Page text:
Watch out: Health Statistics cause dementia!
The World Alzheimer Report claims that dementia costs 1% of the world gross domestic product.
I have a few questions to begin with:
- Is the World Alzheimer Report demented itself?
- How exactly do you measure the world gross domestic product? I assume you just google it.
- How exactly do you measure costs of dementia (taking into consideration that many demented people would need care for other diseases or handicaps)?
- Since when is the world "domestic"?
It can hardly be a constructive approach to stigmatize dementia patients by publishing imaginary numbers of the costs they cause. The Alzheimer Report looks like a product of economists who like to put numbers on everything: Look how much old people cost us! It's unnecessary to measure each and any illness with numbers. We know that dementia is not great. We find out by meeting people who are affected by it, not national economies. It doesn't make a difference if some organization claims it knows the exact costs. Who cares about the economic cost of diseases except people that make or lose money by it? If I have AIDS or the flu, my last concern are economic impacts.
The conclusion that "70% of the costs occur in Western Europe and North America" says it all: it's not about the people affected, it's just about money, money, money.
Sure, the report is aimed at governments to raise awareness of the problem. But at the same time it perpetuates a strictly economic way of thinking that leaves the people aside. What people need is quality, not quantity.
I have found data about the effects of health statistics like this on the population:
Interesting, the graphs run parallel to each other.
Thus, it seems likely that such health statistics are the main reason for dementia in the first place. If we added up the numbers for all diseases, the costs caused by them would probably run somewhere close to the gross domestic product of the United States and China combined. Whatever that means...
And now this Alzheimer organization wants the World Health Organization to make dementia a priority. Just like cancer organizations want cancer to be a priority, AIDS organizations AIDS, Alcoholics Anonymous alcoholism, and so on. Big deal. By the way, personally, I think the World Health Organization should make it a top priority to go fuck themselves. Also, I suggest that organizations like Alzheimer's Disease International quit publishing such demented numbers in order to prevent further aggravation of the problem.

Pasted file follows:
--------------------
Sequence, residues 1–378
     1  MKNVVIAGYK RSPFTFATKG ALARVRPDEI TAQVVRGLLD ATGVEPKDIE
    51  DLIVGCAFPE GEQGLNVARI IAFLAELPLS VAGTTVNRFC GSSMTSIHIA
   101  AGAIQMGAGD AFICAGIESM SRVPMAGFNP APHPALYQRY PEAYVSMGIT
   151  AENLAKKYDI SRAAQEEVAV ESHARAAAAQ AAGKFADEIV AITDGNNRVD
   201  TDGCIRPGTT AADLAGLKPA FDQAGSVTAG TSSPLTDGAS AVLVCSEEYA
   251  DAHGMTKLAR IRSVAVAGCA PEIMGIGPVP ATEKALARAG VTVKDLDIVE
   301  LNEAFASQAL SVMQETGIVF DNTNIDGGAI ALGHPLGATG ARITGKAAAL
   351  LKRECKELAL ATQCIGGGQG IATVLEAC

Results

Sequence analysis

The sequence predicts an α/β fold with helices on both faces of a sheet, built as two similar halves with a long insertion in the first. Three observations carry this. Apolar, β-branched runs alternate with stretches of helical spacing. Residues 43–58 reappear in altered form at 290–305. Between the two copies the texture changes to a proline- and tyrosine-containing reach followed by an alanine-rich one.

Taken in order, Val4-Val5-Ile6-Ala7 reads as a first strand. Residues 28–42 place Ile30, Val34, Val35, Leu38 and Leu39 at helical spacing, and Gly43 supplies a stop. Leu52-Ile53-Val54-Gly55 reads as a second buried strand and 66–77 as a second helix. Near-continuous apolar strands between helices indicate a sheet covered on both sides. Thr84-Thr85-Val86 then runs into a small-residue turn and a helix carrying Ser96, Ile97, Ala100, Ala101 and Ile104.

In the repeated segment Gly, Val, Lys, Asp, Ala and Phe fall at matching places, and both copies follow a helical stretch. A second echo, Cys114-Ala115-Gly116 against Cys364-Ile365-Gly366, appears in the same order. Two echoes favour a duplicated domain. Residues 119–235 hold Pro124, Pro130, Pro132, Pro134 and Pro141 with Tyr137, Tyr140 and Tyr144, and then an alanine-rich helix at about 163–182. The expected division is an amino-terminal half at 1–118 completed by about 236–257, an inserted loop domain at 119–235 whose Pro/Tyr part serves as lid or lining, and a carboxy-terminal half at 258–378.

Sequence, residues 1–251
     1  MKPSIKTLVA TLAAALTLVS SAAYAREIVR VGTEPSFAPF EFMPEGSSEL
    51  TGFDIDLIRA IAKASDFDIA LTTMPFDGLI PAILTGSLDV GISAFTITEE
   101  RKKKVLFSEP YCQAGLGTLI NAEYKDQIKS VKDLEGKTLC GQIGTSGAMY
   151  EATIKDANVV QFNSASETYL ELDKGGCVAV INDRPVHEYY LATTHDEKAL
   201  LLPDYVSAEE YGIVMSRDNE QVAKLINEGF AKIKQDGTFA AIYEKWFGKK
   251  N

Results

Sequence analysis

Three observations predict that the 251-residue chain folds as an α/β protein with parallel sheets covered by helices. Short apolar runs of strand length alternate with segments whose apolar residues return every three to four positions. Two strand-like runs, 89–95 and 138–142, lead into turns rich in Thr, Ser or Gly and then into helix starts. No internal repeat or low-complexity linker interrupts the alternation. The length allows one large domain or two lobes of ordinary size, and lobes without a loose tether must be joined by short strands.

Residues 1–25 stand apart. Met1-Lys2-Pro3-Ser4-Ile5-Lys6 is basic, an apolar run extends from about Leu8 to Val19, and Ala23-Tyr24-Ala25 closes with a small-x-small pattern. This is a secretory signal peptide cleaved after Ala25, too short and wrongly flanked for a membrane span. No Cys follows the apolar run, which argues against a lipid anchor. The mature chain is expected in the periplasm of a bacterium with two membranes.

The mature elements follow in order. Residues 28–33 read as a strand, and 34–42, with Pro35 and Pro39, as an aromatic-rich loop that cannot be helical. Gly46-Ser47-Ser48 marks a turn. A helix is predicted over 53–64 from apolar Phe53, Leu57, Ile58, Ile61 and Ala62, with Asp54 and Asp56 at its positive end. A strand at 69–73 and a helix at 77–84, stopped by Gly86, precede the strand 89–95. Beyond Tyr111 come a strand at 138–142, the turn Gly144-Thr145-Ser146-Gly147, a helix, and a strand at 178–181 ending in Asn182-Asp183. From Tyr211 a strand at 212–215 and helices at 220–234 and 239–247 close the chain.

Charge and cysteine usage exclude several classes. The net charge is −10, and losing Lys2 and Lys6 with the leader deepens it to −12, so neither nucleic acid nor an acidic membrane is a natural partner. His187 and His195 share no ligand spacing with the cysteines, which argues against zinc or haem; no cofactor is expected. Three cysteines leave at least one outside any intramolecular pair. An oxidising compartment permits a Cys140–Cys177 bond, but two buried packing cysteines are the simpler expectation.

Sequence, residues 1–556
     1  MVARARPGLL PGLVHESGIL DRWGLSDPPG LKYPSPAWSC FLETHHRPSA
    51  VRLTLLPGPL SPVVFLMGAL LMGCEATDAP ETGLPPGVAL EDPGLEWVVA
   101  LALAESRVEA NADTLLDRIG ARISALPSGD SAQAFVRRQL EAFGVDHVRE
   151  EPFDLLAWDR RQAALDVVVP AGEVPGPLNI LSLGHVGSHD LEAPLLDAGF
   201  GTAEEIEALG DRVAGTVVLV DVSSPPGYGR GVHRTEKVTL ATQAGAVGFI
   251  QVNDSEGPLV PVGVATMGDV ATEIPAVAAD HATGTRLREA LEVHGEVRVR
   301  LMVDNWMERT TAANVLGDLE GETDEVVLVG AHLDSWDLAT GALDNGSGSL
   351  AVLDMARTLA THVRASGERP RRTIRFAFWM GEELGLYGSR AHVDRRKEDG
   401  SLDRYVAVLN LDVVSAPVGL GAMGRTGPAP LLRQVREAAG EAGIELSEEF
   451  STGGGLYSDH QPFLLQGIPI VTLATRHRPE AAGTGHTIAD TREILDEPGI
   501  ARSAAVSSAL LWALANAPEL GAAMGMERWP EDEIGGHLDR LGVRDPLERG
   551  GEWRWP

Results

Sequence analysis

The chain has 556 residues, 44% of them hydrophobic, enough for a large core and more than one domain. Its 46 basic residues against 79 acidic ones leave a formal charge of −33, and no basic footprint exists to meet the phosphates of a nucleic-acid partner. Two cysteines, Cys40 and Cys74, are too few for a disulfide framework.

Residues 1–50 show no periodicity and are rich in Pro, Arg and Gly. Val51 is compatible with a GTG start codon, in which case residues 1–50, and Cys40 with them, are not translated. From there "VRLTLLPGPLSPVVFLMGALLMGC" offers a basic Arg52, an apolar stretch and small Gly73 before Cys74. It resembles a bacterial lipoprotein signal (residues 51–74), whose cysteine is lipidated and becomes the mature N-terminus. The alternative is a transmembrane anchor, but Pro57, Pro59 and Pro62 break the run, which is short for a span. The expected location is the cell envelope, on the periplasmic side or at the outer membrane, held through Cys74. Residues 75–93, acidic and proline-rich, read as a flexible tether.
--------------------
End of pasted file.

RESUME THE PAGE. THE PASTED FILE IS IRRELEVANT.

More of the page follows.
Here's a selection of diseases that health statistics can cause:
Humans should be empowered to understand human problems without statistics that compare random things. The only thing these numbers do, is make us scream: fire!
And what does a number like $604bn tell you? Not a whole lot I guess. Because it's not related to anything in our lives. If anything, it distracts us from the core of the problem. Nobody wants dementia. Alzheimer's Disease International should rather find ways to facilitate in-family care and publish information about how not do get demented.
Here are a few factors that diminish the risk of dementia, according to the Universal Institute for Prevention of Statistics-Related Diseases of by Prof. Th. Inkforyou Rself:
- Avoid health statistics.
- Eat healthy.
- Don't watch too much television (because television is dangerous).
- Keep contact with fellow humans.
- Don't get nuts for random numbers that media is throwing at you.
- Go swimming.
- Use your goddamn head and don't give up using it.
- Do the exact opposite of anything the World Health Organization says, if it makes you happy.
Oh, and if you read anything like "Smoking after age 65 increases your chances of developing Alzheimer’s by 79%" - don't buy it!
That's a typical misinterpretation of statistic correlation. Correlation is not causation. In the numbers, it might turn out that more smokers have Alzheimer's disease. But that doesn't actually mean that smoking causes it. It could as well mean that these people exercise little, are malnourished and don't use their brains enough to keep them going. Usually, these smoking correlations can be replaced with income: people from low-income households smoke more than richer people. So whenever you see a statistic like this, you can safely replace the factor "smoking" by "bad education and lack of opportunities" and get equal results (the same applies to the risk factor "obesity").
So how's about educating people in order to avoid all sorts of diseases? I doubt that the World Health Organization would like that. Because if people begin thinking for themselves, there will be no more need for the WHO.